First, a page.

Why you should avoid the Secret Santa charity initiative
Our readers asked us to check out the volunteer project Secret St.
Nicholas, which recently appeared on social media. The goal of the
project is to send New Year’s greetings to children of Ukrainian soldiers,
children in the liberated territories, and children who have lost their
At first glance, the initiative looks simple and honourable: you go to a
website where parents of children from the fore-mentioned categories
can register their kids, indicating the child’s name, age and city, as well
as the gift they would like to receive. As for the benefactors, they can
choose a questionnaire and send the child a gift, which the child or the
parents specified on the platform.
When it comes to children, especially in wartime, people often forget to
think critically and logically. And scammers use people’s desire to help
advance their schemes.
We can’t say for sure that the Secret St. Nicholas initiative is a scam.
Perhaps its founders had a noble goal in mind. However, either out of
naivety or malice, they created a scam platform. Therefore, we advise
our readers to avoid this project.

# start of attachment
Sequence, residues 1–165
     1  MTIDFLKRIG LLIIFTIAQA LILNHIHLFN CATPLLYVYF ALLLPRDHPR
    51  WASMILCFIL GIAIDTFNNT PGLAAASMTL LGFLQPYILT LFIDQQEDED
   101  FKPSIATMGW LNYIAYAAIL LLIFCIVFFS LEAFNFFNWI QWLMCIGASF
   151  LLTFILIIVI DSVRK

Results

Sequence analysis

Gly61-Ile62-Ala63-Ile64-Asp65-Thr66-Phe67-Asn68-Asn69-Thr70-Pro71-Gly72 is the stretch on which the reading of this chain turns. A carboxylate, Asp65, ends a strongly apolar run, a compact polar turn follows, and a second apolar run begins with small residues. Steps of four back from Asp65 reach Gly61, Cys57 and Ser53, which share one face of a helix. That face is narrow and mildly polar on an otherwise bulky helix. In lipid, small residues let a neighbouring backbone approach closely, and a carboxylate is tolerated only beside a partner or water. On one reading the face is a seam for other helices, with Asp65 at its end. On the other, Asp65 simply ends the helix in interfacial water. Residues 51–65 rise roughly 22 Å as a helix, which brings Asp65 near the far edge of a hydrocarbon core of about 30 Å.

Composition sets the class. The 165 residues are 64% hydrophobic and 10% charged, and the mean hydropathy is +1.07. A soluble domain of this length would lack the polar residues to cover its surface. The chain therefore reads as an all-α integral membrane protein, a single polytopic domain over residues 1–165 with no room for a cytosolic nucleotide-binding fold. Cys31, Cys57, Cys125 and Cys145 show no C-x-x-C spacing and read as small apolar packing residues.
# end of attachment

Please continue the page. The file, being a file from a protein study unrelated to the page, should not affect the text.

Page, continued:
Title image: New Year’s miracle /
Behind the news /
About the project Information for parents /
Select your child / Give a child a gift on St. Nicholas Day or New Year’s Eve. /
I take nobody’s word for it /
Number of registered children 4058 /
Reserved and waiting for the gift 751
We’ll tell you why:
1) The charitable foundation? called Centre - West volunteer group,
which developed the Secret St. Nicholas initiative, was established only
a month ago. In the Youcontrol analytical system, the foundation’s legal
address (21 Sichovykh Striltsiv Str., office 501, Kyiv) is registered
together with... 317 other different types of companies. Therefore, it
serves as a so-called legal address for mass registration. Such a
concept is not fixed by law, but it’s an open secret. Of course, the fact
that you can purchase a legal address and that there are no office
premises doesn’t mean it’s a scam. Moreover, in recent years, even the
tax authorities have filed no claims against companies registered at
mass addresses and they don’t verify the locations.
However, a serious, legitimate foundation should have a feedback
platform. Not only should it indicate where to donate money, but it
should also provide valid phone numbers, a physical/legal address, and
links to official social media accounts. The Secret St. Nicholas website
doesn’t have this information, nor does the foundation’s Facebook page
(which was created on December 8). There’s only an e-mail address.
We were able to find the phone number and office address through the
following analytical systems: Youcontrol and Opendatabot.
In addition, the website should offer information about the foundation’s